The King of Salem tells Santiago this story so he won't give up, giving him encouragement and direction to hold onto his dream.

(Santiago does not meet the alchemist until the later part of the story, and the alchemist helps Santiago realize what true treasure is—love—and how to achieve his Personal Legend.)

The King of Salem tells Santiago about his dream before the boy ever speaks of it, and can read his mind, as he does regarding the boy's grandfather and omens, even as Santiago is thinking silently to himself. In showing that he is knowledgeable and powerful, he offers Santiago hope that he will find his Personal Legend simply by sticking to his path. Santiago's heart is open, and in these ways, Melchizedek is able to direction the boy onto the path that will bring him happiness.

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In The Alchemistby Coelho, how does the Alchemist assist Santiago on his journey?

The alchemist is presented as rather a mysterious and magical figure in this novel, who possesses the knowledge and resources necessary to enable thim to transform any metal to gold. The alchemist's role in this story is mainly as a teacher or a guide to Santiago, though much of the advice that he gives his youthful charge is in riddles, as he expects Santiago to work out the meaning of his teachings for himself.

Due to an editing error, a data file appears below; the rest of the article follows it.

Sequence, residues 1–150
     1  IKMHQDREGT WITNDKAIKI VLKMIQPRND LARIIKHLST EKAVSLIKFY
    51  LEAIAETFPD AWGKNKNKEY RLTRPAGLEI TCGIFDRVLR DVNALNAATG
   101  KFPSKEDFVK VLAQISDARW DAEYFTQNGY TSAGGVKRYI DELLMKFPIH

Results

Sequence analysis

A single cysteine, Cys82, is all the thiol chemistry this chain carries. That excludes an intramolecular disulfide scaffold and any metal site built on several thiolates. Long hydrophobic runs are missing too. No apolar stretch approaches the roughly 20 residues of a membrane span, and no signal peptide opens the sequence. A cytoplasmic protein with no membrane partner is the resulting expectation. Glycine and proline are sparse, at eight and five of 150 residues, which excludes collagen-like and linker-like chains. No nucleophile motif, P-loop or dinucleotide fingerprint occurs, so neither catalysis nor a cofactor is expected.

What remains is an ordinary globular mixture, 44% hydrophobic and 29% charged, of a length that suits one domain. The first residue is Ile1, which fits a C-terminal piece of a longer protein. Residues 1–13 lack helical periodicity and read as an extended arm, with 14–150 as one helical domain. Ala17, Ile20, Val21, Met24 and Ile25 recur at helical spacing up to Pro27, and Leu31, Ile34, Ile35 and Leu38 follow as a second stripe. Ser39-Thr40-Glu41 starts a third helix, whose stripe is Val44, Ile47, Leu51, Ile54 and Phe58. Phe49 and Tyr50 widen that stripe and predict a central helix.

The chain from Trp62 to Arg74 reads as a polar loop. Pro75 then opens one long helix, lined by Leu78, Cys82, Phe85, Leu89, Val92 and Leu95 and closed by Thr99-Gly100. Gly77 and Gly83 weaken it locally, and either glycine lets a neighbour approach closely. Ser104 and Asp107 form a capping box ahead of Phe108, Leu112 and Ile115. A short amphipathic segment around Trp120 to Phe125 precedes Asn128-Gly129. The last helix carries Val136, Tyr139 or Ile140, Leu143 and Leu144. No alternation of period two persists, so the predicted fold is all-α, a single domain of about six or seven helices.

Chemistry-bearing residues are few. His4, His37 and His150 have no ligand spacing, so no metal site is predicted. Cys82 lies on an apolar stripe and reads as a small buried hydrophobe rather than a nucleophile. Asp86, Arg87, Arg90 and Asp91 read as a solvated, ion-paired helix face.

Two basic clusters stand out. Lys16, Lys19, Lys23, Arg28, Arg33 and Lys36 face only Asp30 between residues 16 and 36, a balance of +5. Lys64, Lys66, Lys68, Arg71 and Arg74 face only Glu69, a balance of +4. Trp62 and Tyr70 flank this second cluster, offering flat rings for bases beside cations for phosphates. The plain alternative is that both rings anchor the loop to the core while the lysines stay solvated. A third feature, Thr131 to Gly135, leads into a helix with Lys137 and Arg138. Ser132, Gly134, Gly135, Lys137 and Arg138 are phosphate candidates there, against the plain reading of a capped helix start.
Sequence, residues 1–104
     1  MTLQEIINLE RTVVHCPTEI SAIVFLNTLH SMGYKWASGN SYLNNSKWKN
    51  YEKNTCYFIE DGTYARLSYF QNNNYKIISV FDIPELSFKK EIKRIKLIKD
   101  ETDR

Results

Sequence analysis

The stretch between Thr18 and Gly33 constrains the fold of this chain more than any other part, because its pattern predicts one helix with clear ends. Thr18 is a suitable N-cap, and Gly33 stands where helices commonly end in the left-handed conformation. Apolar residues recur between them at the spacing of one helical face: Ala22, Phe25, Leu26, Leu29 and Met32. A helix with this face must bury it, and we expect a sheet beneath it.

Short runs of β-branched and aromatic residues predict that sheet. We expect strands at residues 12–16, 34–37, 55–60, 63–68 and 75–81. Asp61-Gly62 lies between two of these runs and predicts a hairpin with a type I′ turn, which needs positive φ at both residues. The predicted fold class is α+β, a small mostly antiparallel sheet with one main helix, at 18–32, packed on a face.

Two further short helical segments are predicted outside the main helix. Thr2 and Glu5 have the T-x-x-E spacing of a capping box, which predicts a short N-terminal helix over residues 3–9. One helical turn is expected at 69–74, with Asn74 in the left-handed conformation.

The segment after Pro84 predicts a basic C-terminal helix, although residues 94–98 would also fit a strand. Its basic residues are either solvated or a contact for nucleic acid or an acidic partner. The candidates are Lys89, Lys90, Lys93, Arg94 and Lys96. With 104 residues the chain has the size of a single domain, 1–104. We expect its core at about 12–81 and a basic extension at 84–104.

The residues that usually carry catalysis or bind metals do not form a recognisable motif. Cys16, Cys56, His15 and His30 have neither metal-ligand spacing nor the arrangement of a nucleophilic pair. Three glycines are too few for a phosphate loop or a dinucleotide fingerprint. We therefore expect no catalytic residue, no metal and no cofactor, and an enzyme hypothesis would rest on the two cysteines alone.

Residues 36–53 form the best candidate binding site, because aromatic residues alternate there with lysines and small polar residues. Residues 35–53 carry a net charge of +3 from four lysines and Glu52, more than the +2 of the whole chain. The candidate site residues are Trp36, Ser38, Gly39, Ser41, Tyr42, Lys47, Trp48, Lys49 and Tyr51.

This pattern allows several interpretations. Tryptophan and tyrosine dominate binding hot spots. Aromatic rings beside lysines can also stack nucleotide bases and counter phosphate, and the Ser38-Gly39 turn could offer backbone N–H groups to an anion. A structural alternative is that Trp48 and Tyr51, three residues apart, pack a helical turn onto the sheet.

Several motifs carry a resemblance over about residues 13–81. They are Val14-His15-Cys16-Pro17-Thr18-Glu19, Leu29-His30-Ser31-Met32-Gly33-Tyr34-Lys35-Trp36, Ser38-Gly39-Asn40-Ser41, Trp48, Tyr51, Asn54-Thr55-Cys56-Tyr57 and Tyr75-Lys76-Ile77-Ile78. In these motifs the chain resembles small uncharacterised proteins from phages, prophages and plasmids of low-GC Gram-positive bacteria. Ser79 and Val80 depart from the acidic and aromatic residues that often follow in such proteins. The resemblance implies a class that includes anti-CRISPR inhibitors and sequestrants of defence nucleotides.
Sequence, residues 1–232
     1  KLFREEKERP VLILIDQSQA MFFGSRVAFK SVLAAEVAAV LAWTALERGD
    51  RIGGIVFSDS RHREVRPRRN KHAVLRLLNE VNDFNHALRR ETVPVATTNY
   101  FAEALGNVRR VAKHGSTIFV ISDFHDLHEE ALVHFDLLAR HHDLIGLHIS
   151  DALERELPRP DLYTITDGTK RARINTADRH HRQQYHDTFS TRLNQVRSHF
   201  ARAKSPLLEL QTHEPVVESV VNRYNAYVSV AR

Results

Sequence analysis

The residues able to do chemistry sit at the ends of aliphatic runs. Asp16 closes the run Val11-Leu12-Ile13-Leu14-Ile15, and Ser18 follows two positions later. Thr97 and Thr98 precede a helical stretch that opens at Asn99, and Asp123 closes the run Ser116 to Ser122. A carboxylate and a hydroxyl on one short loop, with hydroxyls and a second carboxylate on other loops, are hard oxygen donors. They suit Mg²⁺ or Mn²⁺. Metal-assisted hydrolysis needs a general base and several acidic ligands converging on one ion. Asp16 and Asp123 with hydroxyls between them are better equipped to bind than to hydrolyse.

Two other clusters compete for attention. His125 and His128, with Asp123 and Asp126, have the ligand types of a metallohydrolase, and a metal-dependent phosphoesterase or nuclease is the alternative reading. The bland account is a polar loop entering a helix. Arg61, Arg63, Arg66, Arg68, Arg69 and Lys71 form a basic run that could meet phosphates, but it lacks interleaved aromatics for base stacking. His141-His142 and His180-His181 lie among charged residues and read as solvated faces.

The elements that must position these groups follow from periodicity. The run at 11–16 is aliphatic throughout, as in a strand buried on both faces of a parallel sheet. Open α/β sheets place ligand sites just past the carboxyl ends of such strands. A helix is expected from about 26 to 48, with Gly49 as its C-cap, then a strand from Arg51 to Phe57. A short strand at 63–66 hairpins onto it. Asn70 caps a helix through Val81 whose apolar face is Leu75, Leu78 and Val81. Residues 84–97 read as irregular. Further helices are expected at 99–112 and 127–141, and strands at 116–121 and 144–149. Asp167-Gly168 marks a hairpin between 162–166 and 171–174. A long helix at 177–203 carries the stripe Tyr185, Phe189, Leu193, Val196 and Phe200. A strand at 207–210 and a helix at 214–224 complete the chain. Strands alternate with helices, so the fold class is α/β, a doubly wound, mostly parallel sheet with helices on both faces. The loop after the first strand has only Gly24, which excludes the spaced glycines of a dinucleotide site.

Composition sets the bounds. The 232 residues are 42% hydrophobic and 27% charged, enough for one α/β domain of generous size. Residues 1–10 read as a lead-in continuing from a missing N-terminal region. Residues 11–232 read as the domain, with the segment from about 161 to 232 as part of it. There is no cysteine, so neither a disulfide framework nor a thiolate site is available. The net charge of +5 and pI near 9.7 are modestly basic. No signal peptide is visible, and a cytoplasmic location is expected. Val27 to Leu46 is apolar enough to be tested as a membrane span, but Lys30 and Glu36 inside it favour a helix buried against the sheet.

Focusing on the teachings of the alchemist allow us to consider how the overarching metaphor of this story of alchemy, which means the transmutation of one element into another element that is more valuable, applies to Santiago's own development and journey. The wisdom of the alchemist gives him a connection to the Soul of the World, which in turn gives him his mystical abilities and qualifies him to lead Santiago on in his own search to gain understanding of the Soul of the World. The hands-off, facilitatory teaching of the alchemist enables Santiago to learn from the world in which he is placed and to discover his own mystical powers. Santiago is the catalyst of his own transformation, and the role of the alchemist is to make Santiago realise that he has to be his own agent of change. Note the final piece of advice that the alchemist bestows upon Santiago:

What you still need to know is this: before a dream is realized, the Soul of the World tests everything that was learned along the way. It does this not because it is evil, but so that we can, in addition to realizing our dreams, master the lessons we’ve learned as we’ve moved toward that dream. That’s the point at which, as we say in the language of the desert, one ‘dies of thirst just when the palm trees have appeared on the horizon.’ ... Every search begins with beginner’s luck. And every search ends with the victor’s being severely tested.

These words clearly point towards the importance of the journey in itself and not just reaching the goal. Learning through action, the alchemist stresses, and Santiago eventually learns, is just as valuable and vital as achieving one's goals in life.